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The Mystery of Buffalo Calf Road Woman

The woman warrior who killed General Custer

“Numerical superiority is of no consequence. In battle, victory will go to the best tactician.”- G. A. Custer”

In movies, the male Native American warriors rode off into battle while their women stayed at home cooking, cleaning, and waiting for their triumphant return.

This wasn’t always the case and there are many stories about brave women warriors who fought alongside their men.

One of these warriors was the mysterious Buffalo Calf Road Woman who fought against Custer at the Battle of the Little Big Horn.

A strong woman warrior

Born in the 1850’s, she was married to a warrior, Black Coyote, with whom she had two children.

Described by Mari Sandoz in her book “Cheyenne Autumn”, she was both a mother and a warrior—“a gun in her hands, ready, the baby tied securely to her back.”

Even before the Battle of the Little Big Horn, her courage was well-known.

At the June 17, 1876 Battle of the Rosebud, Buffalo Calf Road Woman saved her brother—whose horse had been struck down—by charging on horseback into a melee of gunfire to rescue him.

And ever after that, the Cheyenne referred to the Battle of the Rosebud as the “Battle Where the Girl Saved Her Brother.”

Custer’s Last Stand

The Battle of Little Bighorn was a glorious Native American victory against U.S. government forces intent on claiming their land.

Fought on June 25, 1876, in Montana Territory, the battle saw Lakota Sioux, Northern Cheyenne, and Arapaho warriors quickly overwhelm and kill some 260 U.S. troops, including George Armstrong Custer, the Civil War hero sent to remove them to reservations.

In June 2005, elders of the Northern Cheyenne tribe broke more than a century of silence to recount their tribe’s oral history of the battle.

Frank Rowland, a Cheyenne elder, told the Montana-based Independent Record, “Fearing retribution from the U.S. Government, the chiefs promised to keep a vow of silence for 100 summers. One-hundred summers have now passed and we’re breaking our silence.”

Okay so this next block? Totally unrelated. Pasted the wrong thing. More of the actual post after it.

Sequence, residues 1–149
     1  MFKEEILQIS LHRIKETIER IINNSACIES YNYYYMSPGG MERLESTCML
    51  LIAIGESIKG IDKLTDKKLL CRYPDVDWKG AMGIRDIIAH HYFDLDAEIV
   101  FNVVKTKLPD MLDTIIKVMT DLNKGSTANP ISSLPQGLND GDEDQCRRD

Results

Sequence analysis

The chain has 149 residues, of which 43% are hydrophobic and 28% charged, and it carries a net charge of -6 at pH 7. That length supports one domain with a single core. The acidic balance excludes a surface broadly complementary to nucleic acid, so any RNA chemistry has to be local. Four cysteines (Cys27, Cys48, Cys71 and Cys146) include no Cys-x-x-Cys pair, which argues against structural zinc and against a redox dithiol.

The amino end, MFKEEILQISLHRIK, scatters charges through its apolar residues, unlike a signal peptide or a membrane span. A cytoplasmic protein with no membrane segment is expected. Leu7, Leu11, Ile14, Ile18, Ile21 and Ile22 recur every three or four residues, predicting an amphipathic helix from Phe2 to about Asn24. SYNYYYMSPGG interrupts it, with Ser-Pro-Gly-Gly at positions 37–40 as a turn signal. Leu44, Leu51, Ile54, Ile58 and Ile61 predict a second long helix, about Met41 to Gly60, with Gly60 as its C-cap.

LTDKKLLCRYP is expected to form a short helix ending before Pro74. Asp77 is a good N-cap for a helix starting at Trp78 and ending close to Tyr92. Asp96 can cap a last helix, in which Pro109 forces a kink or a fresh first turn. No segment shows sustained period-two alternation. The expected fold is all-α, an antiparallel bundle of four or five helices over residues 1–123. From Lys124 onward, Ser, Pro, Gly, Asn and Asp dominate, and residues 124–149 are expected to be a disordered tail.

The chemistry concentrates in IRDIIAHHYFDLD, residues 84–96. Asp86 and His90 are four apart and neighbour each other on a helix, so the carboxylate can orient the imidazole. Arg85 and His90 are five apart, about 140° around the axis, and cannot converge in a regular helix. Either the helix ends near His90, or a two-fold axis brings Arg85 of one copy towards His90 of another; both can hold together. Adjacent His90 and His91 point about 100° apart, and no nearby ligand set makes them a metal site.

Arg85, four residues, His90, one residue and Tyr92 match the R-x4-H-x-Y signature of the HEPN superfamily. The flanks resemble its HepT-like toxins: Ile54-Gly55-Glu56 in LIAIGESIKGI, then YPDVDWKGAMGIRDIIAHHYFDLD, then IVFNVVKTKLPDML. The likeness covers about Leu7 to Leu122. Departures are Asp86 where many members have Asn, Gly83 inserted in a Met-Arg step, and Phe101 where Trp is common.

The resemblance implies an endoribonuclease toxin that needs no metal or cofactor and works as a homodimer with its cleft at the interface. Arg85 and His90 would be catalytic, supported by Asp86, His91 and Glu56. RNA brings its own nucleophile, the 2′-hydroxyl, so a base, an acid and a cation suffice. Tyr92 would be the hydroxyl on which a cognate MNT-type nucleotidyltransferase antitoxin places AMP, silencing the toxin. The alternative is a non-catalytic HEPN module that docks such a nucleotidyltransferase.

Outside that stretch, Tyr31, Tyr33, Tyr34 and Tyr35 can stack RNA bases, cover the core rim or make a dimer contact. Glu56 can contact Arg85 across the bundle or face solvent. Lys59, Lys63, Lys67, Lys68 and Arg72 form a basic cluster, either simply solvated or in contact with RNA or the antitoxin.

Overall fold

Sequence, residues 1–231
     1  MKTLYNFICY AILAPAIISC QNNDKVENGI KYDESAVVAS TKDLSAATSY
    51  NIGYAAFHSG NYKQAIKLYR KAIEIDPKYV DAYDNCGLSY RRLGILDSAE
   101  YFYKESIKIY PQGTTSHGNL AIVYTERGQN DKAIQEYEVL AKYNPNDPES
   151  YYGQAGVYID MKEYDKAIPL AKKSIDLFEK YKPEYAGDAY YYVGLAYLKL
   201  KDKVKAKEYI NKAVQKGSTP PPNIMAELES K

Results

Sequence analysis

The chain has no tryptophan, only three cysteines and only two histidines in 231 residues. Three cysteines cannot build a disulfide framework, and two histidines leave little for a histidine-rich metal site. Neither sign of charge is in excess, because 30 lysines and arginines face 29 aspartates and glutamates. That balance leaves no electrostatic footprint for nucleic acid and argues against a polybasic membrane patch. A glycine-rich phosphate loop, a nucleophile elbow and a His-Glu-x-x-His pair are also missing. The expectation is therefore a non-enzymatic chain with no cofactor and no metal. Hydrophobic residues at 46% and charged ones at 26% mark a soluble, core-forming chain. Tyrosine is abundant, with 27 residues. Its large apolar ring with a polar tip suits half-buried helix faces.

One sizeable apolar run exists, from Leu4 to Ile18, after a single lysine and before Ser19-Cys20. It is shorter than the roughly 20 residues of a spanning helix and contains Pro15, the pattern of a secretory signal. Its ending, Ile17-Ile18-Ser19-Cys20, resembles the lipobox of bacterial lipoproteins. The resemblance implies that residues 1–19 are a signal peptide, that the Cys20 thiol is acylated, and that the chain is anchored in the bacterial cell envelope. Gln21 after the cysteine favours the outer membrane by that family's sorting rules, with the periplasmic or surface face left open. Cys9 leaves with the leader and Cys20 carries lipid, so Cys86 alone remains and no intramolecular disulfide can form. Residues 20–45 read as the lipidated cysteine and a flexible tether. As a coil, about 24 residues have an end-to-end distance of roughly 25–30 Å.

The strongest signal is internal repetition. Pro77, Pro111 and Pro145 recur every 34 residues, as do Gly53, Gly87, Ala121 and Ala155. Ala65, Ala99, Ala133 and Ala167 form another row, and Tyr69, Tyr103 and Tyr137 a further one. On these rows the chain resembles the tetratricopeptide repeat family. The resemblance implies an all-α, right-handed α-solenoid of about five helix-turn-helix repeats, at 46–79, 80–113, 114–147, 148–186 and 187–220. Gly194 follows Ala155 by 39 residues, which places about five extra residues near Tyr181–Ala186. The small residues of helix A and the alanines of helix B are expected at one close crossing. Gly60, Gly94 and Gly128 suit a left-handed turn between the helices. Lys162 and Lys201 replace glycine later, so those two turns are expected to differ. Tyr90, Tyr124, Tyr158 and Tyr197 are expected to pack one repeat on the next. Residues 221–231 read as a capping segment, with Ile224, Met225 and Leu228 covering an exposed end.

According to their account, it was Buffalo Calf Road Woman who knocked Custer off his horse that day, with a club like object.

They said she fought “out in the open” instead of taking any cover, and “she stayed on her horse the entire time and was an excellent marks-woman.”

Buffalo Calf Road Warrior and other Cheyenne and Sioux women “finished off Custer and the other Calvary soldiers right after the battle was over,” going “from soldier to soldier to finish them off or take things from them while remembering relatives killed by the soldiers in previous attacks.”

“Custer wasn’t touched by the male warriors because he was unclean. He was bad medicine.”

The book “Custer on the Little Bighorn” includes the account of a female eyewitness at the battle who says: “Most of the women looking at the battle stayed out of reach of the bullets, as I did. But there was one who went in close. Her name was Buffalo Calf Road Woman …she had a six-shooter, with bullets and powder, and fired many shots at the soldiers. She was the only woman there who had a gun.”

A losing battle

Constantly pursued by U.S. troops, Buffalo Calf Road Woman, her warrior husband Black Coyote, and the rest of the tribe ran until the point of starvation.

They were eventually relocated in the summer of 1877 to Indian Territory in present-day Oklahoma).

Miserable on the reservation, 300 members, including Buffalo Woman and her husband escaped and tried making their way back to their homeland.

On the trail, Black Coyote became insane and would fly into fits of rage against Buffalo Woman and the tribe and was finally caught and hung by the Army.

According to the elders, during the trip, Buffalo Woman caught the “white man’s coughing disease,” also known as diphtheria, and died at some point in May 1879.

They don’t know the exact location of her burial, but explain that back then, the Cheyenne custom was to bury the dead immediately in the nearby hills and think she was buried in the hills near what is now Miles City, Montana.

Takeaways

Throughout history, there have always been women warriors.

They were mothers, sisters, daughters, and wives.

They brandished swords and guns, fought battles, and faced off with royalty. Though outnumbered by their bands of brothers in battle, these fearsome female fighters have each made an indelible mark on history.

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